Saturday, May 19, 2012

Noiriel Analyzes the FN Vote

Historian Gérard Noiriel analyzes the FN vote. Key point:
A partir des années 1980, la bureaucratisation de la société et la crise de la grande industrie ont liquidé les mouvements de masse entraînant une perte d’autonomie du politique au profit des médias. La « démocratie de partis » a laissé la place à la « démocratie d’opinion ». Le retour de l’extrême droite sur le devant de la scène est à mes yeux une conséquence directe de ces mutations. Le triomphe de la politique-spectacle a créé en effet des opportunités dont s’est saisi Jean-Marie Le Pen, en développant la stratégie des « petites phrases » conçues comme des « bombes médiatiques » qui prennent leur place dans l’actualité au côté des crimes, des catastrophes, des procès etc.
Les journalistes, pris dans les rouages de cette machine médiatique, sont contraints d’accorder de l’importance à ces poseurs de « bombes », contribuant ainsi à l’héroïsation des leaders d’extrême droite. Puisque ces derniers sont devenus des personnages centraux du récit médiatico-politique, les électeurs se sentent autorisés à voter pour le Front National. La réputation sulfureuse de ce parti séduit tout particulièrement ceux qui n’ont plus rien à perdre et qui cherchent à exprimer de la façon la plus radicale possible leur refus d’une société qui ne leur fait pas de place.
This argument strikes me as superficially appealing but empirically unfounded. Is it really true that that the FN "particularly attracts those who have nothing more to lose?" There is a good deal of evidence suggesting that the answer is no. The FN has found support in many segments of society, including retirees and small businessmen who definitely have something to lose. Its working-class support has been increasing, and some of that may come from the unemployed, but some of it also comes from the employed, who have their jobs to lose and fear losing them to immigrants willing to work for lower wages.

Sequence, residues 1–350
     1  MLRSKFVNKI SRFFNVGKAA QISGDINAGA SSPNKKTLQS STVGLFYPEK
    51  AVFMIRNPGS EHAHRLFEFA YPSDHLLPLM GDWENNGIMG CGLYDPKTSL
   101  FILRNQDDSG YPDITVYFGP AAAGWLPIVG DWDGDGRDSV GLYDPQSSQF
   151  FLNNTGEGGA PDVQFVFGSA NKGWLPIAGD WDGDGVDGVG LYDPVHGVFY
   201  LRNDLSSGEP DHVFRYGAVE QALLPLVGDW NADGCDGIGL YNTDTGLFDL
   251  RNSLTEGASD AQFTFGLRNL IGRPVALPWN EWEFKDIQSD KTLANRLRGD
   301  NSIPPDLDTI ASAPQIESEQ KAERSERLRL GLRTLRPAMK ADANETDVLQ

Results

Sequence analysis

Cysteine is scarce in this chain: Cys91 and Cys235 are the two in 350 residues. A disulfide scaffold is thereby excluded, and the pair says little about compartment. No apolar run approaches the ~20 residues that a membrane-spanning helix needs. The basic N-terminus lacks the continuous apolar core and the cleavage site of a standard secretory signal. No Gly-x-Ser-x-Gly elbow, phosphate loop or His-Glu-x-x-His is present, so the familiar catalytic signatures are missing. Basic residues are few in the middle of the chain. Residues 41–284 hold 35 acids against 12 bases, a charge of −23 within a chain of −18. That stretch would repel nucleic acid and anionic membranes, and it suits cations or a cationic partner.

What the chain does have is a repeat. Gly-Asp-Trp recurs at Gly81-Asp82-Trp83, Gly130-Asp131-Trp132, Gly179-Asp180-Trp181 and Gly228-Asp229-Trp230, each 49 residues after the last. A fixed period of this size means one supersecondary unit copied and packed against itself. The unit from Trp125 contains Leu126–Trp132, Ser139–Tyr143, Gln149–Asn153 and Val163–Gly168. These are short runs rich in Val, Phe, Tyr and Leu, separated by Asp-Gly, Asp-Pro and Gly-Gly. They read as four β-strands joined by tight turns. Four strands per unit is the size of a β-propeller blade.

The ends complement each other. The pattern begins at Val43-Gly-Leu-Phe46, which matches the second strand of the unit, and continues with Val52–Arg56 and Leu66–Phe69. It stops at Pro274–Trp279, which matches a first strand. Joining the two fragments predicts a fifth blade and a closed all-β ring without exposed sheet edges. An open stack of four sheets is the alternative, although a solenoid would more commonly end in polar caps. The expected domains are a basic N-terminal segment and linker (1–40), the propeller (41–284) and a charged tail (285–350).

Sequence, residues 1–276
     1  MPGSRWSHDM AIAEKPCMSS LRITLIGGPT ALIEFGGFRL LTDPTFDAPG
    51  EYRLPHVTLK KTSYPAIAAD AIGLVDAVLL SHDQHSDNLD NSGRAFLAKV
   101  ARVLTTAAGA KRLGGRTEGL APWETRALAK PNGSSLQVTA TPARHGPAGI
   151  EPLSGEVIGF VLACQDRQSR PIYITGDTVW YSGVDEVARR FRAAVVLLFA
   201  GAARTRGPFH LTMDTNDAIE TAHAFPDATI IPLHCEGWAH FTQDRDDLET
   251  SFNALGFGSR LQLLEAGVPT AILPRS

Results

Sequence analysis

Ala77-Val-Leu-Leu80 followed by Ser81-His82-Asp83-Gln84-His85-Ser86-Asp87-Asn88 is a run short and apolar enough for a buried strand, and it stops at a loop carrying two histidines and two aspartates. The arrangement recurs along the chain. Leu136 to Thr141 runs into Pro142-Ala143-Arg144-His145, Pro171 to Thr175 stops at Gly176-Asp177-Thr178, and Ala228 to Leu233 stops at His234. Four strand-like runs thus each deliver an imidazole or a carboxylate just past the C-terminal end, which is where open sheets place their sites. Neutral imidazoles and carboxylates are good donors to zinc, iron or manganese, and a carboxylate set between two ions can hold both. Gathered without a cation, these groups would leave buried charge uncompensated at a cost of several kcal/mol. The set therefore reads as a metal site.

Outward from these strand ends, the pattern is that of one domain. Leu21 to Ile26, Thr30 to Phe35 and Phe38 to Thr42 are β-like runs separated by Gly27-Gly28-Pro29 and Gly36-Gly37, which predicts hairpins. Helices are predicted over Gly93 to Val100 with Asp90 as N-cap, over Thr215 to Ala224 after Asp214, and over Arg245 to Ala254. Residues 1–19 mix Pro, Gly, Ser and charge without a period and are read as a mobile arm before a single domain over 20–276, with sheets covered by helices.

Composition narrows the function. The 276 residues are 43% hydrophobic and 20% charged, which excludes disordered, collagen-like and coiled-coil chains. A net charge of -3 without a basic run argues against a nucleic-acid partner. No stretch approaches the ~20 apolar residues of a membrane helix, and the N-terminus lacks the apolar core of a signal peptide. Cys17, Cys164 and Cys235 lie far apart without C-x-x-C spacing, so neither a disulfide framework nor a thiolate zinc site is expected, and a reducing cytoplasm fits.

What Noiriel wants to call attention to, I think, is the fact that most of the public discussion of FN voters is conducted by "the political-media complex," a fancy term for people like himself and me, who speak of FN supporters as the Other and have no direct contact with the milieux in which a vote for the FN is a live option. We impute attitudes and emotions we do not really fathom: hence the "suffering" narrative, which Noiriel rejects as confabulation. That may be true, but in what respect is "the nothing more to lose" narrative an improvement? Isn't it just another name for the same thing?

Where I think Noiriel is right is in his perception of the way in which Lepenist barbs and provocations, echoed by the media, are used to construct an anti-systemic image. For voters whose judgment is that "the system" has failed them, the response is to seek the candidate whose provocations seem most disruptive of what they see as the routinized and ritualized exchanges that constitute the mainstream discourse. In the ensuing surenchère of acerbic attitude, anti-system candidates compete with each other in a closed rhetorical universe that hives itself off as a separate realm of what Noiriel calls the "democracy of opinion," in which one opinion is deemed as good as another simply because it is voiced and without need for the kind of justification once provided by ideology in the "democracy of parties." Hence the intense media interest in the Le Pen-Mélenchon face-off in Hénin-Beaumont. Nothing of consequence will be decided here, but the battle of provocateurs will surely défrayer la chronique.